A slowdown to 4.5% growth won't increase unemployment, but it is sure going to stir anxiety in a country coming off annual growth of 7.8%.
NEXT: Double Trouble|pagebreak|
Into this tricky growth-inflation mix, we now add rising commodity prices. Higher commodity prices are good news for growth in an economy that exports commodities, such as Brazil, but such a trend is still bad news for inflation.
If iron ore, sugar and coffee prices all go up—and prices for Arabica coffee beans are up more than 100% since June 2010, to a 30-year high—that means good times for Brazilian companies such as Vale (NYSE: VALE) and Cosan (NYSE: CZZ). But it also means higher consumer prices for everything from cars to soda and coffee—and bigger inflation worries for the Banco Central do Brasil.
Of course, we now have spiking oil prices, thanks to the turmoil in Libya. Brazil is an oil exporter—an estimated 570,000 barrels a day in 2010—which is good for Brazilian oil companies and their partners. But an increase in global oil prices still means an increase in the price that Brazilian companies have to pay for fuel and the petroleum feedstock used to make everything from plastic gadgets to hand lotion.
Brazilian airline Gol Linhas Aereas Inteligentes (NYSE: GOL), for example, modeled its 2011 guidance for investment analysts in early January using a range of $82 to $93 a barrel for oil (West Texas Intermediate). That benchmark closed at $99 a barrel on Feb. 23, substantially above Gol's worst-case scenario.
Brazilian regulations don't allow airlines to charge a fuel surcharge to domestic passengers (ouch for Gol!) but you can bet that any company paying extra for oil will do its best to pass on all the costs it can to consumers. And that means higher inflation.
Before the Tunisia/Egypt/Libya crises, commodity prices looked like they might be moderating as a result of attempts to slow growth in emerging economies. Central banks looked like they might get lucky. Some took a break from interest-rate increases, while others at least talked about giving rate increases a rest.
But the spike in oil prices from the turmoil has removed that potential positive from the system.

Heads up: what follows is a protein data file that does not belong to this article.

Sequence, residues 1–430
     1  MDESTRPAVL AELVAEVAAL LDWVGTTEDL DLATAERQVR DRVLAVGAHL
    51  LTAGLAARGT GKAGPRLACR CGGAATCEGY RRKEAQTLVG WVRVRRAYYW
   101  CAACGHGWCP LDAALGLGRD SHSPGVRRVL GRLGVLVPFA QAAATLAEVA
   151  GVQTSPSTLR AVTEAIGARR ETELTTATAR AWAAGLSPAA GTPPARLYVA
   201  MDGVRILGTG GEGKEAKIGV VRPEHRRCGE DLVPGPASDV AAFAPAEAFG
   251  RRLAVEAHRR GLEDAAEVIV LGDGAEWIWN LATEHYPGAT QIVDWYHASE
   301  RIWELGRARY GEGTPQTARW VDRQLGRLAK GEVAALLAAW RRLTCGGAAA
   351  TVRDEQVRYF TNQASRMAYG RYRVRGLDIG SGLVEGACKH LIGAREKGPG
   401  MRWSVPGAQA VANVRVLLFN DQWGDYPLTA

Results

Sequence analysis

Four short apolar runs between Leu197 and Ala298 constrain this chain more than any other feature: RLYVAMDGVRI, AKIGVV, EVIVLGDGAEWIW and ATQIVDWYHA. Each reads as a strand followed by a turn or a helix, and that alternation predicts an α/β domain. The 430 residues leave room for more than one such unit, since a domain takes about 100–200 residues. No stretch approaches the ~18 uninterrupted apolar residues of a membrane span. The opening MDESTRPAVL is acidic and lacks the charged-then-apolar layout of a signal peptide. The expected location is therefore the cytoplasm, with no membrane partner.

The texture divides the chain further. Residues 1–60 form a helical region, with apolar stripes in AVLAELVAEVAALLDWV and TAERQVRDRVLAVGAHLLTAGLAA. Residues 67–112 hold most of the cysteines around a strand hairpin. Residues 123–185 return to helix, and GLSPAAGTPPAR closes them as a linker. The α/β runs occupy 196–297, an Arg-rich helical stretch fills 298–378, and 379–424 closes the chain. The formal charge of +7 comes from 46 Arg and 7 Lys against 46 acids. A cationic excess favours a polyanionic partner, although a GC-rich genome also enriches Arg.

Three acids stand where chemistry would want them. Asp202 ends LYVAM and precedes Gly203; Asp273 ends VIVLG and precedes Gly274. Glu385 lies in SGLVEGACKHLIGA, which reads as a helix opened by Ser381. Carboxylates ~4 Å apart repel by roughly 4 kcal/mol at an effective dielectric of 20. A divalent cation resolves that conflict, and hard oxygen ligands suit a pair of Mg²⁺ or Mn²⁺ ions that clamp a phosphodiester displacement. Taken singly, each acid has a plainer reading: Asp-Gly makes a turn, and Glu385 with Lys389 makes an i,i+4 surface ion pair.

Since the rise in oil prices doesn't (so far, at least) have anything to do with demand, central banks are left looking at a scenario in which their efforts to slow their economies have almost no effect on oil prices or the inflation created by oil prices.
Rising Oil, Rising Food
In this way, oil prices act very similarly to food prices. Lowering demand by slowing economic growth so that consumers have less to spend on food—isn't that an exciting policy choice?—has little effect on rising prices for corn, wheat and soybeans, which are driven mainly by the weather effects like drought, floods and cold.
Many central banks have, so far, decided to deal with the problems of food and energy inflation by ignoring them. The US Federal Reserve, for example, follows a core inflation measure that excludes food and energy prices. The People's Bank of China seems to be pursuing a policy of treating food-price inflation as a temporary problem.
In the short term, I don't think it's possible to ignore the inflationary impact of higher energy and food prices. It doesn't work as central-bank policy because food and energy inflation filter through the rest of the economy. Central banks that ignore this kind of inflation will eventually be forced to join the central banks that include these prices in their inflation measures. They will all have to figure out how much they need to raise interest rates to account for these inflationary effects.